You pay dearly for your promised Social Security benefits. Between your own contribution and your employer's contribution on your behalf, 12.4% of the first $117,000 of your earned income gets sent to Uncle Sam as a tax to pay for that program.
Despite that substantial tax rate, the program is in financial trouble. Its own trustees estimate that by 2033 its trust funds will empty and it will only be able to pay about 77% of expected benefits. Those same trustees estimate that it would take a tax rate of about 17.1% of covered payroll to cover Social Security's costs in 2035, rising to 18.2% by 2088.
What that means to you
In a nutshell, Social Security's trustees are making it abundantly clear that the program is not sustainable as is. Without changes, the already expensive benefits it provides will either become much more expensive to fund or get cut substantially.
Chances are strong that Social Security will survive but will look somewhat different from how it does today. If history is any guide, Congress will likely tinker around the edges with some combination of tax hikes and benefit cuts in order to shore up the system. Here are a few past and proposed adjustments that have affected, or may affect, the program.
Over Social Security's history, total tax rates -- including the employee and employer parts -- have risen from 2% at its inception to the current 12.4%. The earned income subject to Social Security tax has increased as well, to $117,000 from $3,000 when the program began. Even adjusting for inflation, that income cap has more than doubled.
A combination of tax hikes and benefit cuts
In 1984, Social Security benefits became subject to income taxes. Today, up to 85% of your Social Security check can be subject to income taxes if you have sufficient total income levels. A large portion of those taxes go to help shore up Social Security's trust fund, and the rest go to shore up Medicare. In essence, these taxes cut the net benefits received by many Social Security recipients.
While Social Security's benefits are indexed to inflation, there are serious doubts that the inflation gauge used in that index truly measures the higher inflation rate experienced by seniors. Additionally, there's a proposal that surfaces from time to time to use a chain-weighted inflation index to slow that inflation adjustment even further.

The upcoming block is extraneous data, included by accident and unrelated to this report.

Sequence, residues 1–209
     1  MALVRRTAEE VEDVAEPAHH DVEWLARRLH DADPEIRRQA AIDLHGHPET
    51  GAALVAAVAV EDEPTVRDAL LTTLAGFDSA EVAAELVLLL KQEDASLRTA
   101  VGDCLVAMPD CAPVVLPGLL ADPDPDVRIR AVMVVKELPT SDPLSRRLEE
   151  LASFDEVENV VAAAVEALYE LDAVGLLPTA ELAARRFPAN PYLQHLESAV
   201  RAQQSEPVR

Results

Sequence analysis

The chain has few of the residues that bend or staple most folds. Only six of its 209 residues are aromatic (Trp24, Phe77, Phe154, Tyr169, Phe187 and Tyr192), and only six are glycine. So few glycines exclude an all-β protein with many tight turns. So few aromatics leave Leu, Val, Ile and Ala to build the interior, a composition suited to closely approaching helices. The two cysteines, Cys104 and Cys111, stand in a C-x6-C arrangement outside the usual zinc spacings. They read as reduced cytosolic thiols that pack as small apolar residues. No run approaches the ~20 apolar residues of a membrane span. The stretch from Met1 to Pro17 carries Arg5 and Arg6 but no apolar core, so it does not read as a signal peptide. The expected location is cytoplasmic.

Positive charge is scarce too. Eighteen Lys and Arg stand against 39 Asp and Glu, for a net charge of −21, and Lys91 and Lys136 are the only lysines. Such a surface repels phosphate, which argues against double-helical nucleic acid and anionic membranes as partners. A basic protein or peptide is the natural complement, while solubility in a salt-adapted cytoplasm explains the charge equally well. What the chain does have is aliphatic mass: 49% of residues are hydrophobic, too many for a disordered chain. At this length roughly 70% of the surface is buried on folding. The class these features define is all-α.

What can you do about it?
Remember that even if nothing changes, Social Security is still on track to pay out about 77% of its expected benefits once its trust funds empty. It's the other 23% or so that is primarily at risk. Chances are that the shortfall will be covered by some combination of tax hikes and benefit cuts, as it has so many other times in the past when Social Security was at risk of not meeting its obligations.
With that as the backdrop, you should figure out how to invest your money now to cover the cost of the next patch when it does get implemented. After all:
- If tax rates go up, it's a lot easier to cut back on investing to cover those taxes than it is to cut back on your living expenses in response to a tax hike.
- If benefits get cut, it's a lot better to draw money from your nest egg than it is to be forced to cut your living expenses in response to a benefit cut.
- If some other solution is found that doesn't either raise taxes or cut benefits, then the money you save by preparing for those other outcomes remains yours to enjoy.
The thing about investing, though, is that the more time you put into it, the better your odds of success. You still have about 19 years before the Social Security trust funds are expected to empty. Get started now, and you'll substantially improve your prospects.